Dear Haijin, visitors and travelers,
What a joy to see how you all are interactive with CDHK. I am glad to hear that you all appreciate that new feature I created "Carpe Diem Vernacular". I will publish the first episode of CD Vernacular today, but first this.
As you could have noticed I have created a new CDHK e book "Tepid and Bittersweet" in which I have gathered all the entries of our 3rd and 4th kukai. I hope you all will like this new e book. It's downloadable at the right side of our Kai.
Okay ... today our prompt is snow viewing and it's based on Jane Reichhold's "A Dictionary of Haiku", so its a modern kigo (for winter). There are several examples by Jane, but I love to share first a few haiku by our classical haiku masters.
let’s go snow-viewing
till we all fall down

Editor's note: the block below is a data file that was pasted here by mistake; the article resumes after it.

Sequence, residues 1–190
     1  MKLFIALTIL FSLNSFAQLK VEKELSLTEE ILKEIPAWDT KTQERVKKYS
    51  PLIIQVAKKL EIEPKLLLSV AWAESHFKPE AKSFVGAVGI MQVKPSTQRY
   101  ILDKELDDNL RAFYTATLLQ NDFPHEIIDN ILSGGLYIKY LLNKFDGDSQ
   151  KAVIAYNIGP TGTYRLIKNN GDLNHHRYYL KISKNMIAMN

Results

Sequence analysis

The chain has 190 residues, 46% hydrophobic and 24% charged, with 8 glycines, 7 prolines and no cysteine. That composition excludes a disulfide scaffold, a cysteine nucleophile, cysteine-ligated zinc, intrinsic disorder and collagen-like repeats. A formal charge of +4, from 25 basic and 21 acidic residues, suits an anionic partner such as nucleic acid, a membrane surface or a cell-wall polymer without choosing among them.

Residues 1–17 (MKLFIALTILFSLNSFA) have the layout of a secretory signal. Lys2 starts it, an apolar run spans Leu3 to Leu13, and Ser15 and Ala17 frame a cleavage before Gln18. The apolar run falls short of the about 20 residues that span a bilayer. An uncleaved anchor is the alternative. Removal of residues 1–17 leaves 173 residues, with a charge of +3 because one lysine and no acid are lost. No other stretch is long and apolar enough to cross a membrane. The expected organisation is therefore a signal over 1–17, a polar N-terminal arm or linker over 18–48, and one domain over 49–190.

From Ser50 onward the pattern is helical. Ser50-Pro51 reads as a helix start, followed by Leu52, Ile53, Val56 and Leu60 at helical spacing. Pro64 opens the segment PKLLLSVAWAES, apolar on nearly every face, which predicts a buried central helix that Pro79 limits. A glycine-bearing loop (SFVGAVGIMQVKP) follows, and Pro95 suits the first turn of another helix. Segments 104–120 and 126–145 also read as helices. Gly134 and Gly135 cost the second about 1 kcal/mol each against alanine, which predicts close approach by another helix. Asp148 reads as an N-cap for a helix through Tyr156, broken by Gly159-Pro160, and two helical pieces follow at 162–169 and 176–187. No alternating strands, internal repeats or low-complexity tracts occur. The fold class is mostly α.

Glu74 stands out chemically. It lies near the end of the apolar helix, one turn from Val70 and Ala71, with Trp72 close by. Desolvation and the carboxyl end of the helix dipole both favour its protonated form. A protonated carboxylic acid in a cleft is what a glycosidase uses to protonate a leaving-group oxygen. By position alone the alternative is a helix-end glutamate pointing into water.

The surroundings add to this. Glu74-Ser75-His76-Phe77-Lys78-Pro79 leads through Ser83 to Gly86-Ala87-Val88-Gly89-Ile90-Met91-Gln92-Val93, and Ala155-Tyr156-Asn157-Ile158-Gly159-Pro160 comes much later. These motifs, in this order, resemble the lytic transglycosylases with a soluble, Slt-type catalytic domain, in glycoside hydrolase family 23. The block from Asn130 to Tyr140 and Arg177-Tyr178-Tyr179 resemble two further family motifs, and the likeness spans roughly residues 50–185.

the snow falling softly
snow country's snow!
a pale blue sky
|Credits; Snow viewing|
the tea leaves?
snow falls on mandarin ducks
hatsuyukino sokowo tatakeba takeno tsuki
emptying itself to its last flake--
the moon above bamboo
bring to the window
|Credits: Snow viewing by the Sumida River (woodblock-print by: Utagawa Hiroshige)|
I am not a big fan of snow, but as it finally covers the Earth I love to step in it barefooted to feel the softness and cold of snow. It's an amazing feeling and it always looks like a fairytale. It's sad to know that through global warming we will not have lots of snow anymore here in The Netherlands. I have seen snow, but to my grandchildren snow must be a wonder ... because they haven't seen it often.
the backyard looks like a fairytale -
on bare foot
I found a nice "modern" haiku about snow viewing written by haiku poetess Katsura Nobuko (1914-2004) and I love to share that haiku here as a kind of closure for this episode.
one by one the walkers vanish
whitely falling veils
© Katsura Nobuko
I will try to publish our new episode, Yukibare (clear sky between snowfall), later on.